A universally accepted topic of small talk is conversing about where you’re from, and California somehow manages to take this to an insanely overzealous degree of trying to impress people with their mentally ingrained road map of the entire state.
You will never be more conflictingly confused and fascinated than when you’re listening to two California natives discuss the cardinal directions and distances between their respective home towns– because, as you will soon come to realize, everyone knows the geographic coordinates of where everything is within California’s state lines. They also, without any prompting, will explain to you how to drive there (always, always included with little jabs about traffic and road work).
“You’re living in Marina del Rey? I just was there last weekend. I live in Westwood, so I just got on the 405 off of Wilshire– which has been so backed up recently because of construction– and took the 405 for, like, 8.1 miles or so (ugh! Traffic, am I right?), and then took exit 53 to merge onto the 10. Then, you know, took exit 1B and got onto Olympic after maaaaaybe 0.2 miles? Turned right onto Washington Blvd, left on Palwan Way, and then I was there. Great place.”
5. You’ll Never Be Cool Because You’re Not From the Bay Area.
In partnership with the insistence to describe where everything is and how to get there, Californians looooooove incessantly talking about one place in particular: the Bay Area.
Sometimes, you’ll catch yourself staring off into space and thinking, “but seriously, what the fuck is the Bay Area?” because even if you lock yourself in isolated solitude for a full 24 hours, you’ll somehow still manage to hear someone talk about it. And you’ll never grow to understand what exactly hypnotizes Californians into thinking that San Francisco is the only major city in the entire U.S. (You will also cringe when they try to argue that it’s the “New York City of the West.” You know better.)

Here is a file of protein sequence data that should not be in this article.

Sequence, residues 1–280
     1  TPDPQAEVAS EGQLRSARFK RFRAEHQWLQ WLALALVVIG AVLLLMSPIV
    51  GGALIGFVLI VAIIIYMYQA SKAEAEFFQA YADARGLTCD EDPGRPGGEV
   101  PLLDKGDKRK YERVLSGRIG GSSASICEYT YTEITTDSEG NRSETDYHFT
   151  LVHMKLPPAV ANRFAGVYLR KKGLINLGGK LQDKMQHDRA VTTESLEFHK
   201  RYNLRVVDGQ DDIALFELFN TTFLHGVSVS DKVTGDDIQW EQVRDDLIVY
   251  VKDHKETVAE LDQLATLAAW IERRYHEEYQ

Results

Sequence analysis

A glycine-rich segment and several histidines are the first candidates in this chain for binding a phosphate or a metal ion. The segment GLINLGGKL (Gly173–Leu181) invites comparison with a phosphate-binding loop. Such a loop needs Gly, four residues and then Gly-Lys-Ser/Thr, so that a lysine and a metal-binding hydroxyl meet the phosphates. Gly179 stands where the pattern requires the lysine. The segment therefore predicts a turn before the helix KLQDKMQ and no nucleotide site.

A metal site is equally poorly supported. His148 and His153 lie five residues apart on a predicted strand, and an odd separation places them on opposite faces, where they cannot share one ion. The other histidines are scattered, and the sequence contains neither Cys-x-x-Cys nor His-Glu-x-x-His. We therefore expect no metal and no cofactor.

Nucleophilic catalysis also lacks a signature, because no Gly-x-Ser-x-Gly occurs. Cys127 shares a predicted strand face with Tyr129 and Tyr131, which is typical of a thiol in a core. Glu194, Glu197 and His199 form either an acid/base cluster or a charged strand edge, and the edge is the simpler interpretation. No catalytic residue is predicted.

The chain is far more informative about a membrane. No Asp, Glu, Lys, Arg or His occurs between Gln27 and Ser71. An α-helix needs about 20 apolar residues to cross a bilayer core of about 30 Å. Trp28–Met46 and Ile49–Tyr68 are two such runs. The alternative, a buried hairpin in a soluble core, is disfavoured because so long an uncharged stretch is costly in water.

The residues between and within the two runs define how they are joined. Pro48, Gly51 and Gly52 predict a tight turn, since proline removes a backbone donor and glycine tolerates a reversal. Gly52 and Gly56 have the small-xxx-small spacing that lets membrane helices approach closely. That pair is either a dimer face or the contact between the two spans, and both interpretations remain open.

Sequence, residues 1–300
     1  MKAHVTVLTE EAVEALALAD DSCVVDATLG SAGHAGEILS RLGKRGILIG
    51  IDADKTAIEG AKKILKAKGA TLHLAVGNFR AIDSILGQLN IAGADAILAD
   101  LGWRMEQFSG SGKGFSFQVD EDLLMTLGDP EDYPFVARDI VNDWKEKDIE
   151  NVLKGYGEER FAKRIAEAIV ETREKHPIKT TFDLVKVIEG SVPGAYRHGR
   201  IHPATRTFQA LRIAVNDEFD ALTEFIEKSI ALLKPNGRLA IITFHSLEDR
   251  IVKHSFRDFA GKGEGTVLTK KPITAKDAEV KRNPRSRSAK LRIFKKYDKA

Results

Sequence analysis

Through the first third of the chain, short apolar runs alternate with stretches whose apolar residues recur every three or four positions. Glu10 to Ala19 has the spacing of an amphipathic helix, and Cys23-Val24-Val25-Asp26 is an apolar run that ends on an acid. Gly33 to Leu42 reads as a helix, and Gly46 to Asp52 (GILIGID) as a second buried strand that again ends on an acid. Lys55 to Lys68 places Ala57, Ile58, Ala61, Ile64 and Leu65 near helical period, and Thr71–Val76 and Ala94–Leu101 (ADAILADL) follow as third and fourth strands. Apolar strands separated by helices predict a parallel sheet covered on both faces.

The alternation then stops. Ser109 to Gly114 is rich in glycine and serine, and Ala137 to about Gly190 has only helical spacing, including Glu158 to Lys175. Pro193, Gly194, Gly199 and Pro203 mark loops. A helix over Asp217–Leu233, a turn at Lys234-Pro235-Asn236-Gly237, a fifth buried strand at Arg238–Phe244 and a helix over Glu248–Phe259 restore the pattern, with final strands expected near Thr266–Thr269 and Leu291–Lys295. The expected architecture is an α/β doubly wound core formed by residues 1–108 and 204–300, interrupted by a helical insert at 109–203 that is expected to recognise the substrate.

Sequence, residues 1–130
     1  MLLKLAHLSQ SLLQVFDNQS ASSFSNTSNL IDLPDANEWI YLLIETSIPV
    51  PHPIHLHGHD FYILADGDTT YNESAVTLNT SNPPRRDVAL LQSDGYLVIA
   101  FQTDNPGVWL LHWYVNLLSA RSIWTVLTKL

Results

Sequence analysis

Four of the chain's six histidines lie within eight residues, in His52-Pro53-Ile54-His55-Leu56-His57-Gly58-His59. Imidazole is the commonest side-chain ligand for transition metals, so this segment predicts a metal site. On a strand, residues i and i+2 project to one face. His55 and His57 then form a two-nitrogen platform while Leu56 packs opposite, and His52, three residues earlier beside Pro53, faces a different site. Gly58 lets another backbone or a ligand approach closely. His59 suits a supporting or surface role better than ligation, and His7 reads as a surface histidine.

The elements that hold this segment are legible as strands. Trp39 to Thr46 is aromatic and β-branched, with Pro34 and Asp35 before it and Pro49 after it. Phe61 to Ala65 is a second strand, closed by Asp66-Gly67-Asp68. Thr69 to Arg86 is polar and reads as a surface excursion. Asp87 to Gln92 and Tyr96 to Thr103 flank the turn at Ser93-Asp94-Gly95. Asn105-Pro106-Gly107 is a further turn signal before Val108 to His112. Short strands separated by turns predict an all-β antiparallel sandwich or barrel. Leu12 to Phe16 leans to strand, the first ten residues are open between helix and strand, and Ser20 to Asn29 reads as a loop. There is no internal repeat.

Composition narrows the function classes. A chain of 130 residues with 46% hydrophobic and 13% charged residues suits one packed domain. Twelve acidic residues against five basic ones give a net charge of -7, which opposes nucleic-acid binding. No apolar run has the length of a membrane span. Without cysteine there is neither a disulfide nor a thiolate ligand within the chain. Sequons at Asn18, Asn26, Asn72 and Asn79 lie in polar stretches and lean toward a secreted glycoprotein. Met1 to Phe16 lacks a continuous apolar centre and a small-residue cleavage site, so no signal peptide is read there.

Anytime it’s mentioned that a person is from the Bay Area, you’ll notice that it always seems like strangers walking by have to stop immediately, and people start sticking their heads out of surrounding windows, as others begin crawling out of the depths of nearby sewers, just so they can gather around and say the exact same thing: “Did you just say you’re from the Bay Area? Oh, yeah? Where in the Bay Area are you from?”
The plus side to these inevitable, repetitive conversations is that sometimes you’ll get lucky and have a firsthand account to the physical manifestation of true happiness: a Bay Area resident verbally berating someone else for claiming to be from the Bay Area, but actually being from a town that is technically on the outskirts of this mystical Northern California gem.
6. You’re Malnourished Because You Don’t Eat An Avocado A Day.
Yeah, you’ve paid that extra $1.80 for guacamole at Chipotle, but Chipotle never could’ve prepared you for the overwhelming dominance avocados have over any food-related decision people in California make. Every restaurant menu you look at, any brunch special you consider– somehow everything manages to include avocados. You think you like them, but after your 47th avocado toast, you begin to realize what a massive mistake you’ve made, thinking you can keep up with how obsessive and protective Californians are over their avocados. And when you try to cut back, opting for waffles instead and even ignoring them all together as a topping option at the salad bar, your sanity is immediately questioned. Who even knows what could detonate if you dare question the necessity of including avocados in a meal; it’s best just to keep quiet on this one.